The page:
I come away from the article with a feeling that the writer has almost as lousy a perception of IQ as Terman had -- something inbuilt and fixed, probably by genes, and that can be measured with high precision.
When Terman started, by the way, the psychologists thought pretty much the same thing about racism, homophobia, sexism, religious opinions, and so on -- "inbuilt and fixed, probably by genes," and amenable to precise measurement. That was one of the things that encouraged them to seek ever more precise measurement on their scales and items.
When population studies were renewed after WW II, it very quickly became obvious that there had been enormous changes in conventional attitudes... which they had not imagined being possible. So, personality studies underwent large revision. But IQ largely remained "reified" at that time.
Further studies have shown that, for instance, IQs of 130 or 135 are needed for a fiew fields like physics; but points higher than that are not much correlated with success at anything. - I suspect everyone who is good at answering questions on the internet of having high IQs, but (a) I have little evidence about the IQs, and (b) none of these people are especially famous.
And - an ordinary child taken into a highly enriched environment for a period of years can gain 30 points in measured IQ. That wasn't supposed to happen.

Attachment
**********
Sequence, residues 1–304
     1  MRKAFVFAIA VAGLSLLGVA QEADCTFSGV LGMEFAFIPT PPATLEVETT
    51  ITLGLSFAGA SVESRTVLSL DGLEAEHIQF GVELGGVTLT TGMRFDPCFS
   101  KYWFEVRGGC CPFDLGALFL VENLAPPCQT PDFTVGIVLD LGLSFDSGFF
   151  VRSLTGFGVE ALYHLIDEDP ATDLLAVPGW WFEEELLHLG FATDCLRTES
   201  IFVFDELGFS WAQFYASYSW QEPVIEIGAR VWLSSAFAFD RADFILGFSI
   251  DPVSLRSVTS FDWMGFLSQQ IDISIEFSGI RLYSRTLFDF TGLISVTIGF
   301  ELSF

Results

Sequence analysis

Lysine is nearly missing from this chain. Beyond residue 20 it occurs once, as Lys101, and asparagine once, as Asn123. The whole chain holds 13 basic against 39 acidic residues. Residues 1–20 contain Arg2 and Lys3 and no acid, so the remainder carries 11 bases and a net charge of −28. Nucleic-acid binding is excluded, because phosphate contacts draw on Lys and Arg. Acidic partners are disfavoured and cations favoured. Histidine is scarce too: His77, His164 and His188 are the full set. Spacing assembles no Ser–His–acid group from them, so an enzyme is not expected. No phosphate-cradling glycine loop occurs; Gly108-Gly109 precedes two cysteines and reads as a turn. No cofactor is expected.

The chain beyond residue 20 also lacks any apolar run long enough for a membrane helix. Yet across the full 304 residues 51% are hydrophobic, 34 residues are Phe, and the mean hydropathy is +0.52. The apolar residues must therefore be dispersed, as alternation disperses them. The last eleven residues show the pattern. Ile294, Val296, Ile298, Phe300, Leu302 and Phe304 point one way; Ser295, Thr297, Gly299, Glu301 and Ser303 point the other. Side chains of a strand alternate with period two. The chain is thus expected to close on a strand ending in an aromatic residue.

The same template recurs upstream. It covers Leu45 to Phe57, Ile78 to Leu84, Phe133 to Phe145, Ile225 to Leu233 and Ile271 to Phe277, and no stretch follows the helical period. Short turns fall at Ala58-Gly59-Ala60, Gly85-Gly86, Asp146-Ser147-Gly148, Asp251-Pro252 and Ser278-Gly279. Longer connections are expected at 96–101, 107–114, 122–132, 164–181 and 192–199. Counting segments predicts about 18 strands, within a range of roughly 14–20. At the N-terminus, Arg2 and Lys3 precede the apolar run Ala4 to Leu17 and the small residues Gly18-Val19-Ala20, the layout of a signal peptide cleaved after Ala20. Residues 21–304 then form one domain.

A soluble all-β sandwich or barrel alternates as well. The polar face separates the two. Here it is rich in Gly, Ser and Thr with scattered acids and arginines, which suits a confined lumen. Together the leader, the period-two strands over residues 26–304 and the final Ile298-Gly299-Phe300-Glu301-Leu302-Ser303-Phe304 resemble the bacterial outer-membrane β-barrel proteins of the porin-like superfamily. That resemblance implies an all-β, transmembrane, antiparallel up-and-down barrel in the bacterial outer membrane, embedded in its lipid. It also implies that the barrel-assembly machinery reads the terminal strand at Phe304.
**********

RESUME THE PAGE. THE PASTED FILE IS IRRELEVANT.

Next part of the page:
And - There is a "social" (or something) component underlying IQ, as shown in the Flynn effect, which has resulted in an overall elevation of 15 points or so since WW II in all advanced societies. That wasn't supposed to happen, either. (Implicitly, that sort of 'bias' may - I think - explain the measurable race-differences.)
When you aren't talking about brain damage, a whole lot of IQ is measuring behavior and attitudes that are learned.
> >So we see see two sets of rare cases (Nobel prize winners and very high IQ individuals) but no intersection of these two sets. Does this observation suggest that very high IQ is likely to mean that a person is less likely to win a Nobel prize? >
A curious thing about Nobel prizes is that connections often exist between science winners. A taught B who mentored C who worked in the same lab with D. And so on. Is Great Thinking contagious, or are the connections just a reflection of the small number of important labs and centers?